He said nothing. When she looked into his eyes, she could see that his irises were weirdly misshapen. He shuffled in place, smiling at her, and there was something childlike about him. Lee was suddenly more curious than afraid. Then she noticed a black box in his hand, about the size of a cigar case. He clumsily flipped it open, and a lens on a bellows popped out. He raised it to his chest and snapped a picture of her. Then he bowed slightly, turned, and walked away. Lee wanted to tell someone about the encounter, to confirm the weirdness of it, but there was no one to tell.
The following Monday at school Claire and Edie spent the day huddled together, whispering and laughing and sharing glances. A door had been shut in her face. The one time she found Edie without Claire, she asked her about the party, but Edie just shook her head and laughed, then went back to texting.
The prospect of college, and with it the prospect of reinventing her self, had become something more than a distant, formless hope. She began looking into programs, researching college towns. Edie had slowly opened the door to Lee again, and Lee spent every day after school at Edie's house, where they leaned against each other on Edie's bed and fantasized about disappearing. They began making plans, which were vague at first but solidified as they discussed which schools offered the brightest fields of hope and possibility and plain old American fun. Lee persuaded Edie to look out of state—New York or California or some small town where they could rent a house together and bicycle to class.
Edie wanted to study psychology, and Lee considered that as well, until she happened upon a photo in a National Geographic
magazine. The article was about the discovery of a buried Assyrian city, which was being carefully unearthed, and in the photo a young woman in boots, khaki shorts, and a green cotton shirt squatted low as she brushed dirt from the head of a statue. The woman had a scarf wrapped around her black hair, and her clothes and tanned skin were dusted in red earth. She worked solo. Lee knew immediately that she wanted to be that woman. She tore the photo from the magazine, put it into her pocket, and brought it out again in the seclusion of her room that night. She tacked it to the wall above her bed and fell asleep wondering what it would take to become an archaeologist.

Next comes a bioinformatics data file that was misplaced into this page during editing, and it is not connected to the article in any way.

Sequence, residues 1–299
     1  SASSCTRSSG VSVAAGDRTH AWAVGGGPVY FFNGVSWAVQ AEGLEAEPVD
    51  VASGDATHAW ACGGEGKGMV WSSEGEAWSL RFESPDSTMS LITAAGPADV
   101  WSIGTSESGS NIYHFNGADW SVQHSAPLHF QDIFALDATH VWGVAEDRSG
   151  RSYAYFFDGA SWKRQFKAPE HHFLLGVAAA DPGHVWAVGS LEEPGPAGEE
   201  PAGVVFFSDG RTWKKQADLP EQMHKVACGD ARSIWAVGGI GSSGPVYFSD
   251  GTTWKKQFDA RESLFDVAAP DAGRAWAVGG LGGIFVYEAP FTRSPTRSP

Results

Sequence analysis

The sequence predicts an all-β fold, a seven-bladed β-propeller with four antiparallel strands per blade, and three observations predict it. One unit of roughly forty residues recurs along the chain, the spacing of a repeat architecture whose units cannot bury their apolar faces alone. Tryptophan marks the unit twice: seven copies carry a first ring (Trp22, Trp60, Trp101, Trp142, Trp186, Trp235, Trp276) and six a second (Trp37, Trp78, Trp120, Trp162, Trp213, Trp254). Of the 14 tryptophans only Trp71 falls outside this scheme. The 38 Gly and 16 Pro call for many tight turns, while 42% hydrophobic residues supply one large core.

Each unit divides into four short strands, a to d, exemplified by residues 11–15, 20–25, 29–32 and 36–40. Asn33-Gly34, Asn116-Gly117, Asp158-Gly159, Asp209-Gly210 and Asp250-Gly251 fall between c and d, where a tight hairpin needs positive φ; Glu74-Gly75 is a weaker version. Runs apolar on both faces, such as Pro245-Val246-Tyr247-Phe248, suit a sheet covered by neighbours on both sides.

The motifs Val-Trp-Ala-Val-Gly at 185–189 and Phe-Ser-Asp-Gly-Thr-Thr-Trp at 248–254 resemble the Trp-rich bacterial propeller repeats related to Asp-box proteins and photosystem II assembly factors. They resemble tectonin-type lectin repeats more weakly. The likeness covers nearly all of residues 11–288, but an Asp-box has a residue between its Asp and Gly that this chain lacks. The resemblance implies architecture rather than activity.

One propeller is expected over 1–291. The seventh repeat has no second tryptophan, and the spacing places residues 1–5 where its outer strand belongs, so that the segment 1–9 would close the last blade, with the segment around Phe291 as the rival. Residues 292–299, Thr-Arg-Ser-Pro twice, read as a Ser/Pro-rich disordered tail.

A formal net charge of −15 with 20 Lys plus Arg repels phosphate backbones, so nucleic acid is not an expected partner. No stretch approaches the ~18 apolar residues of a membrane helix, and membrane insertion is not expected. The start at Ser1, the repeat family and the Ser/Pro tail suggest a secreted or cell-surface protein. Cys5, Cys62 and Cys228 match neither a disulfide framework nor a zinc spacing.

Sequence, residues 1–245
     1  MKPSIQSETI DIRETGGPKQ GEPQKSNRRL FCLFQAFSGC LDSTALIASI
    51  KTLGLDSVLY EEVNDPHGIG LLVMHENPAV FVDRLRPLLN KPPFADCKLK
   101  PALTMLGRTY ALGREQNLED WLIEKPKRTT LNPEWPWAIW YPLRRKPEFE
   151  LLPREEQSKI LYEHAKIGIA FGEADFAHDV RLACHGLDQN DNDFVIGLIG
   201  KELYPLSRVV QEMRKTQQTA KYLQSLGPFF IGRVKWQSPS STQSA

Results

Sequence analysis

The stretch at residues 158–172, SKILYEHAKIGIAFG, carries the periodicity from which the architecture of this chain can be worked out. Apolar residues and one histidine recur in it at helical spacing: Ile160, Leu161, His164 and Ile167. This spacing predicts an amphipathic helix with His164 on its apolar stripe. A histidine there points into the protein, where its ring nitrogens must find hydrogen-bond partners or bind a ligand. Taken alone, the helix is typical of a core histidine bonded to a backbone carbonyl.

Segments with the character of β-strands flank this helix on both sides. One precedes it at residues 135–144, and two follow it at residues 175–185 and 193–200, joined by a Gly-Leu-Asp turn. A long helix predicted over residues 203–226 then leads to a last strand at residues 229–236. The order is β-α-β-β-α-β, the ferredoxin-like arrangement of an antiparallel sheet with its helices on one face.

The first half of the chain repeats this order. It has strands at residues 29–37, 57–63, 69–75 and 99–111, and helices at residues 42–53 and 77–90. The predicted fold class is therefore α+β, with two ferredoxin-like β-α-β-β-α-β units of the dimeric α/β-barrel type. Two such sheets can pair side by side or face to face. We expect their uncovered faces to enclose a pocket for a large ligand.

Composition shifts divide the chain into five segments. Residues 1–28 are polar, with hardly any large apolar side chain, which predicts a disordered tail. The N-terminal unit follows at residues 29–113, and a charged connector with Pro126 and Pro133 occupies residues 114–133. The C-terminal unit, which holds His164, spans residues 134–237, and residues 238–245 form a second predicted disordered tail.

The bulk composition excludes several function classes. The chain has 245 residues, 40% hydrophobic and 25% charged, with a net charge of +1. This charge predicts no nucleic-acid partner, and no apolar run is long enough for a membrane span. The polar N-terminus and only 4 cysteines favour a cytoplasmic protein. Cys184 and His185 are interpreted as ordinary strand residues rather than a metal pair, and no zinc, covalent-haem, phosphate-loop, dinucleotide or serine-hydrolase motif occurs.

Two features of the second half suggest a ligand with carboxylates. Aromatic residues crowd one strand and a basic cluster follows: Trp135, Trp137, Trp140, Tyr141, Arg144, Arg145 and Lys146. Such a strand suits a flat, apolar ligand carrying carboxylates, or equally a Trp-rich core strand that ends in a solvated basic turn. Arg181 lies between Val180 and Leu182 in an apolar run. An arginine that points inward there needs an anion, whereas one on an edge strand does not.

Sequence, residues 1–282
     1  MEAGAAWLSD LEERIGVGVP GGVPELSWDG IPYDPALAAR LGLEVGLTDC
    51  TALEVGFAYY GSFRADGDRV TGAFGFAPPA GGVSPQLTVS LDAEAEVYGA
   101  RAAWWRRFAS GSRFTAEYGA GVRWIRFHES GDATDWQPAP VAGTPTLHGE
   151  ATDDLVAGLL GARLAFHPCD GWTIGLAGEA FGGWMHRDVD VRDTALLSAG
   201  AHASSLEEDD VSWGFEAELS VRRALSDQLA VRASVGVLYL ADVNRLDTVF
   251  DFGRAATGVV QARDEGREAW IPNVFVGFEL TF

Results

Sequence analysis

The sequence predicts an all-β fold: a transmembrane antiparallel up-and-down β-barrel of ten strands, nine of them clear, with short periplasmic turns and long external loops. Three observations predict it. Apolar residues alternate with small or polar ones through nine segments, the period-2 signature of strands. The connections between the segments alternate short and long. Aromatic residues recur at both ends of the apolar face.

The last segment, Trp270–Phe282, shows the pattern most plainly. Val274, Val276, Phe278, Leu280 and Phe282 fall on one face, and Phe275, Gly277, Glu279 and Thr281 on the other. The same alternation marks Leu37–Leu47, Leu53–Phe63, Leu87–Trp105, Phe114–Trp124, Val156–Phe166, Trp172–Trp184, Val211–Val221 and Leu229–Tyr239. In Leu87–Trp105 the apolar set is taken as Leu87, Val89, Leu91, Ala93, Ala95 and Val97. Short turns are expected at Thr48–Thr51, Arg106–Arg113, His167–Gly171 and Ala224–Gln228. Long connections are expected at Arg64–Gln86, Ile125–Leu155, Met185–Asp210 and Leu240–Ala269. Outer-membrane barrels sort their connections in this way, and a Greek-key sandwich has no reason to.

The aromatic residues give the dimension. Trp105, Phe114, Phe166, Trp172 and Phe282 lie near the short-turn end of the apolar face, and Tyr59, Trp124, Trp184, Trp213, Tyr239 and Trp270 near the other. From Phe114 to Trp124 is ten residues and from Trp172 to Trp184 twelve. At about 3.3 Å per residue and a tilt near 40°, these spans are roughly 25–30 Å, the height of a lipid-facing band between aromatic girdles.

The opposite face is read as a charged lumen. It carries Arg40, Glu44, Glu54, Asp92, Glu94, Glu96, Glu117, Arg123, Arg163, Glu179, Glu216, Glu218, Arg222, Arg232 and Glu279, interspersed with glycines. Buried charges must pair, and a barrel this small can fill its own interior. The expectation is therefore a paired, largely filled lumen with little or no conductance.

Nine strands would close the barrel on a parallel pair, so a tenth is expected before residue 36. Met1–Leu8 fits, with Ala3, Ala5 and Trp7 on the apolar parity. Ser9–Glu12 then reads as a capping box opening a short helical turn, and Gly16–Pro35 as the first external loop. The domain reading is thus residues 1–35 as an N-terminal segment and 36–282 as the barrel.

As she turned down requests from the kids at school and stopped dealing drugs, Lee found herself growing invisible again by degrees. Her new friends, the kids in Edie's crowd, had always found Lee to be a little off, too distant and inside herself to ever be one of them. They tolerated her when she was dealing and stealing for them, but she no longer sensed the eyes of the other kids on her as she'd walk the halls, no longer felt the twitchy anxiety of some boy nearby trying to get his nerve up to ask her for something.
Edie persuaded Lee to introduce her old dealer to Edie's boy friend, Deke, and Deke became the new go-to guy. The itch to steal never went away—in fact, it got worse—but Lee refused to scratch it, and after a while it became like a phantom limb.
Claire seemed pleased with Lee's fall from favor with their crowd, and even warmed to her some, until one day Claire just didn't show up at school anymore. Poof, gone, just like those other kids. When Lee asked Edie about it, Edie looked around the quad as if she'd only now noticed. "Maybe she finally ran off with that skinny indie bassist dude," she said. "She was always threatening to."
Then two detectives came by the school one day to interview her friends, and Edie took Lee aside and made her promise not to tell them about the S.A. party she and Claire had gone to.
"Why?" asked Lee. "What does that have to do with anything?"
"It doesn't. It doesn't have anything to do with anything. But if my father finds out I went, he'll kill me. And if the police find out about it, you can bet my father will, too."
Lee promised, but it didn't matter. The detectives never asked her anything anyway.
Lee was seated by herself on the bleachers with a sandwich and a short list of colleges. She had narrowed it to four, and Edie was supposed to narrow hers to four, and together they were to agree to a first choice, then a second and a third. Lee had a 3.7 GPA and had scored a 2100 on a practice SAT test. Edie had money and connections. If they didn't shoot too high, they were sure to get into one of them together, and they had made a pact to choose only a school that accepted them both. Lee saw Edie approaching from across the field, hugging herself against the wind. Edie skulked up the bleachers, her big eyes moist and smeared in mascara. She snatched the cigarette from Lee's mouth and sat beside her.
"What's wrong?" Lee asked.
Edie took a drag and handed the cigarette back to Lee, sniffling as she gazed out across the empty football field. Despite the chilly October air Edie wore only a short skirt and a tight-fitting cardigan.
Lee pulled a sweatshirt from her bag and held it out, but Edie ignored it, taking the cigarette back. "I really fucked it up this time." Edie Oswald. Golden girl. Touched by angels. Nothing ever went wrong for Edie. How bad could it be?
"I got scared. I panicked. I'm sorry, Lee."
Something in the distance spooked Edie, and she stood up and inhaled from the cigarette, then made her way down the bleachers. She turned. "My father will help you, I swear. I'm really sorry."
Lee leaned forward and squinted. An amorphous blob across the field resolved itself into three separate figures as they approached. Lee recognized Mrs. Bartlett, the school principal, followed by two uniforms of the Philadelphia Police Department.
Copyright © 2017 by Augustus Rose. All rights reserved. No part of this excerpt may be reproduced or reprinted without permission in writing from the publisher.